In late 2021, the U.S. Food and Drug Administration (FDA) approved secukinumab (Cosentyx) to treat two conditions in pediatric rheumatology patients: active enthesitis-related arthritis in patients aged four years and older and psoriatic arthritis (PsA) in patients aged 2 years and older.1 Secukinumab is a human IgG1κ monoclonal antibody that binds to interleukin-17A.
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Background: The International League of Associations for Rheumatology divides juvenile idiopathic arthritis (JIA) into seven categories based on presentation within the first six months of illness.2 One category is enthesitis-related arthritis, which is an HLA-B27-related JIA characterized by the involvement of the entheses, peripheral joints and axial skeleton. ERA represents 10–16% of all patients with JIA. Compared with other categories of JIA, children with ERA tend to have higher disease activity, greater pain intensity and worse health outcomes. Achieving and maintaining inactive disease is also more difficult for patients with ERA than those in other JIA categories.
Results from the phase 3, double-blind, placebo-controlled JUNIPERA study were used for this FDA approval of secukinumab. In this two-year, three-part study, researchers enrolled 86 children and adolescents aged 2–17 years old with a confirmed diagnosis of ERA or juvenile PsA.3 At baseline, patients were randomized to receive 75 mg of subcutaneous secukinumab if they weighed less than 50 kg and 150 mg if they weighed at least 50 kg. Patients also received this dose at weeks 1, 2, 3, 4, 8 and 12.
Next, the patients who achieved at least a 30% improvement from baseline in at least three of the six core JIA criteria (i.e., a JIA ACR 30 response) were randomized into the double-blind, placebo-controlled part of the study.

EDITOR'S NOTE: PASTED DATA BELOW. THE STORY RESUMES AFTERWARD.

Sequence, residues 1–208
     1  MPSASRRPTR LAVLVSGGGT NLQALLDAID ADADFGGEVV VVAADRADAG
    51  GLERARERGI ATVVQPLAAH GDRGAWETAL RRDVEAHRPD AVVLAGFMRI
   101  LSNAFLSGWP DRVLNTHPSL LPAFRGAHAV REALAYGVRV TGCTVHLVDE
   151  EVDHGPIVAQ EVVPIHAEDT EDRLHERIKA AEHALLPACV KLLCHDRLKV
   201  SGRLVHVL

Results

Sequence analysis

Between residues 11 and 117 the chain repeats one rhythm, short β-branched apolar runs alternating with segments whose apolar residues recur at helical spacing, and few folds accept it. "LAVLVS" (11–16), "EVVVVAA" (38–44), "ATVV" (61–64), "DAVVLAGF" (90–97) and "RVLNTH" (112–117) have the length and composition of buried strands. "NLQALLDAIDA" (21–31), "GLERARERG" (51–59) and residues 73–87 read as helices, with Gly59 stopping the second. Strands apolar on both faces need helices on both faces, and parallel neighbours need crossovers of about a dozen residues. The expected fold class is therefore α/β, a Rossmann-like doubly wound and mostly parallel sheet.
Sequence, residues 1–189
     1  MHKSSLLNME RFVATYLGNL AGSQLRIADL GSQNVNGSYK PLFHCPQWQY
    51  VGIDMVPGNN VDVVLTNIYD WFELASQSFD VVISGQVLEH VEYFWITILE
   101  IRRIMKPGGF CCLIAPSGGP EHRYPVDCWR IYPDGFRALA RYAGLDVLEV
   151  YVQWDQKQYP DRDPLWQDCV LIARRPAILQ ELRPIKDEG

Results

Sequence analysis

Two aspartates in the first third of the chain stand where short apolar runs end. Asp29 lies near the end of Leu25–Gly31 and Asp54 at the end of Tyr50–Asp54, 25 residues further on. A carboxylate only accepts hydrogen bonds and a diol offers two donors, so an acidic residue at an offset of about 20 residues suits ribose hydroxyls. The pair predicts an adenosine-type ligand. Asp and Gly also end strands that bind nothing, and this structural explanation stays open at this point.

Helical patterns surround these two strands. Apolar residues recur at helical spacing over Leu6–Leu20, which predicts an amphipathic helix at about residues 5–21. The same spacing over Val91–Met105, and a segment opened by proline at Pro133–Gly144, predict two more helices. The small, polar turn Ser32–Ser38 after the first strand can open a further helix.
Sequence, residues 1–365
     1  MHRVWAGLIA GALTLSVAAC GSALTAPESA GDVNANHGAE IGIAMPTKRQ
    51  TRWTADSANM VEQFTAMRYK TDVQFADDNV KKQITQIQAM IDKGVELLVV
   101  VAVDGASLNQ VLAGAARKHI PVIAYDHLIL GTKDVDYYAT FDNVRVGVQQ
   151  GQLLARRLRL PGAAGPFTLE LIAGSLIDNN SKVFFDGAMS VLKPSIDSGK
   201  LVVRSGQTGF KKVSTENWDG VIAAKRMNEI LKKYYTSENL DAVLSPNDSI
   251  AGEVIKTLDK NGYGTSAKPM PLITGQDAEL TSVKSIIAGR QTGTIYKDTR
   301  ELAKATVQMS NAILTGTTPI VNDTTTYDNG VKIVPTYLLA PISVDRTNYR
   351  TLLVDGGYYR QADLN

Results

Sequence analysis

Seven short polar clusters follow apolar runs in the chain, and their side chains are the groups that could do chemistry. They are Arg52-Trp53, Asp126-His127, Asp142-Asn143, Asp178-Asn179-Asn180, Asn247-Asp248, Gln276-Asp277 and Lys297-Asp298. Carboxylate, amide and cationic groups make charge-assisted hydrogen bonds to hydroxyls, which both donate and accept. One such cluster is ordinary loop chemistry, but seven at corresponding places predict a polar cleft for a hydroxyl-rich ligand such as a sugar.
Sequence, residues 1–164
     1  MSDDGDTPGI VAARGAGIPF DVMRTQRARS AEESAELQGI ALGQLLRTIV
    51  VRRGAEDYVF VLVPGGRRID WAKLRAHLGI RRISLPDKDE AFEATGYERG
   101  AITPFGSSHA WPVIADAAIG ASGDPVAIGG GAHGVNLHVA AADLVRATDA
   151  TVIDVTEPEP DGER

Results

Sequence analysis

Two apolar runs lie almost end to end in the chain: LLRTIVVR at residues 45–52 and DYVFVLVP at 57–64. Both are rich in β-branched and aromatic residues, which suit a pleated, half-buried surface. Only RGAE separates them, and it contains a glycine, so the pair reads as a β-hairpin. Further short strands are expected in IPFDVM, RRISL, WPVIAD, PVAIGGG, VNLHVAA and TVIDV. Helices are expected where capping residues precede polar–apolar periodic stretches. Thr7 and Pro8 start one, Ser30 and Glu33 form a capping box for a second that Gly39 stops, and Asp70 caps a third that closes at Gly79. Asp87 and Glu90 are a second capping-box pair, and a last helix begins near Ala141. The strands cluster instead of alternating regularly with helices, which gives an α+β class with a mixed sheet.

Patients in part 2 received either secukinumab or placebo every four weeks until they experienced disease flare or reached week 100. The primary end point was the time to disease flare. Key secondary end points (e.g., JIA ACR 30, 50, 70, 90, 100, inactive disease, JADAS, enthesitis) were also evaluated, as well as drug safety.
The results: 97 patients were enrolled in the original open-label study, with a mean age of 13 years, with 33.7% of them being girls. Eighty-six of these patients entered into the randomized double-blind part of the study. Fifty-two of these patients had enthesitis-related arthritis, and 34 had juvenile PsA. At the end of part 1, 90% (75 of 83) of patients had achieved a JIA ACR 30 response, and 70% (58 of 83) had achieved a JIA ACR 70 response. (Note: The authors did not mention why the denominators for part 2 of the study were 83 vs. 86 patients.)
At the end of the study, patients with active juvenile PsA who received secukinumab had a significantly longer time to flare, with an 85% reduction in the risk of flare (P<.001) compared with those patients who received placebo. Patients with active ERA treated with secukinumab also had a longer time to flare, with a 53% reduction in the risk of flare compared with patients who received placebo. The patients treated with secukinumab had sustained improvements in signs and symptoms up to week 100.
No new safety signals were identified.
Michele B. Kaufman, PharmD, BCGP, is a freelance medical writer based in New York City and a pharmacist at New York Presbyterian Lower Manhattan Hospital.
- Novartis Cosentyx receives FDA approval for the treatment of children and adolescents with enthesitis-related arthritis and psoriatic arthritis. Novartis AG. 2021 Dec 23.
- Shih Y, Yang Y, Lin C, et al. Enthesitis-related arthritis is the most common category of juvenile idiopathic arthritis in Taiwan and presents persistent active disease. Pediatr Rheumatol Online J. 2019 Aug 23;17(1):58.
- Ruperto N, Foeldvari I, Alexeeva E, et al. Efficacy and safety of secukinumab in enthesitis-related arthritis and juvenile psoriatic arthritis: Primary results from a randomised, double-blind, placebo-controlled, treatment withdrawal, phase 3 study (JUNIPERA). Ann Rheum Dis. 2021;80:201–202.